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Three recent news articles in Japan Times, The Guardian and Reuters detail ongoing challenges driven by pilot shortages at international airlines.  Interestingly, the three narratives provide different supporting perspectives on this increasingly global challenge.  In the current economic cycle, this global shortage clearly impacts the world’s airlines, large and small.  As this phenomenon begins to limit airline growth, new and innovative solutions are emerging.  Unchallenged, this shortage could limit airlines from maximizing benefits of the current economic cycle and possibly stifle airline expansion plans.

Japan Times on Pilot Shortages

An editorial in the Japan Times titled Train More Commercial Pilots” makes clear the challenges facing airlines across the globe. For domestic Japan flying, the country raised the mandatory retirement age for commercial pilots to 67.  And, the situation for the adjoining region’s airlines is not dissimilar.  As the Japan Times editorial states, “more than 600,000 pilots will be needed by 2036 to fly commercial airliners, but 80 percent of them have yet to be trained, according to the ICAO” – the International Civil Aviation Organization.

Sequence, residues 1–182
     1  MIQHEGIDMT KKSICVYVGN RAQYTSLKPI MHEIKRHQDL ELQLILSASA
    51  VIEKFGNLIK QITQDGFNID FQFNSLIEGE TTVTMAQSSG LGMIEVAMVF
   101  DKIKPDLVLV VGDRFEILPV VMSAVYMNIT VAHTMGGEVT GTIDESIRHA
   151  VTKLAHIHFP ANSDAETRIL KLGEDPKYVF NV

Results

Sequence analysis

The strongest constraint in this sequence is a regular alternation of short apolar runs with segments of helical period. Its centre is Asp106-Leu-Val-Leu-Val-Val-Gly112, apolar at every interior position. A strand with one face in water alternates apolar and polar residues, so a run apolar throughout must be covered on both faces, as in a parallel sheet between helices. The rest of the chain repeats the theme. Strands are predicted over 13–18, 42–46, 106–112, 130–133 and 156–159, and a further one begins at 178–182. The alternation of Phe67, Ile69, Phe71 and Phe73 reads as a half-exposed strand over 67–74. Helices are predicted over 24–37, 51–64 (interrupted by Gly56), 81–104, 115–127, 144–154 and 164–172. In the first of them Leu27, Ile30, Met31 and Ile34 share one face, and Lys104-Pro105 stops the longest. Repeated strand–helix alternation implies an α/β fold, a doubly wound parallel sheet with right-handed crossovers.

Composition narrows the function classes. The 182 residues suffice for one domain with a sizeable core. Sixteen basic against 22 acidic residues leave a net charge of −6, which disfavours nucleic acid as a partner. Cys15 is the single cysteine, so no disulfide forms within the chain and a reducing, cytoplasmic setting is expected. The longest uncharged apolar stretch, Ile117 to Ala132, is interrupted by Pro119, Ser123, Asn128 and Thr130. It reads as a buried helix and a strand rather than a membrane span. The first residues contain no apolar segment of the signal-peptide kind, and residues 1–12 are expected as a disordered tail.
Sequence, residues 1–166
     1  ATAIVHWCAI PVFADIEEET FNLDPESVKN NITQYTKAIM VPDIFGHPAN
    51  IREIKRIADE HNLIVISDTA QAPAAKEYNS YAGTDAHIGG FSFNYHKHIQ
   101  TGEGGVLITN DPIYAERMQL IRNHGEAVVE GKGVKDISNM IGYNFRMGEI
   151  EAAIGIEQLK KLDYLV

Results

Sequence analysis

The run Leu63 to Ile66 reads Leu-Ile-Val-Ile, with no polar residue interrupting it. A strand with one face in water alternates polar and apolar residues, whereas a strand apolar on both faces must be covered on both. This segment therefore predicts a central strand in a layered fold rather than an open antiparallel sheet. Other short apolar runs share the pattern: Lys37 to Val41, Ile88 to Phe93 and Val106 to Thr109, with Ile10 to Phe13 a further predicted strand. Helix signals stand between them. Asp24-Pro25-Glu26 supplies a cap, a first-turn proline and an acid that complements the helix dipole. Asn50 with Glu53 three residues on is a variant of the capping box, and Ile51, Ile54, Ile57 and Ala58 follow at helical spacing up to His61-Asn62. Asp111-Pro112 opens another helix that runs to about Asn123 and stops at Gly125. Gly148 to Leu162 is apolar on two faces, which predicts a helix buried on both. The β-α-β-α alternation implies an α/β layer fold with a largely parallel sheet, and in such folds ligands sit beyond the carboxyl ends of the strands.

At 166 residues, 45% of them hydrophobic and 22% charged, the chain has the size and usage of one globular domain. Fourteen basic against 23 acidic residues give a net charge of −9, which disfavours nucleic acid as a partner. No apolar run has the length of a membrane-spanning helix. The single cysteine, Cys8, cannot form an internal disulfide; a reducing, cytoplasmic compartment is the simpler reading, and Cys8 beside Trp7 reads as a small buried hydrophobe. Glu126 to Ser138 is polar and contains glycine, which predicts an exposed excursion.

The Guardian on Pilot Shortages

Similar concerns recently compelled the Australian government to modify visa regulations.  In a bid to attract sorely needed pilots to staff the country’s airliners, foreign pilots are again headed “down under.” This Guardian news report details the relaxing of work visas of experienced commercial pilots to aid with Australia’s shortages.  These changes do not come without controversy, particularly among labor unions and opposition leaders.

Reuters on Pilot Shortages

A recent article in Reuters provides a global view of this recurring theme.  As this phenomenon spreads throughout the globe, airline leaders are developing more innovative solutions. Paid training programmes, “ab initio” training and comprehensive “flow through” agreements between affiliated carriers are becoming more commonplace. These evolving approaches are occurring against the backdrop of increasing airline pilot salaries and are gradually changing airline economics.

See other Avi8ion articles, including the Airbus outlook on global airline demand.

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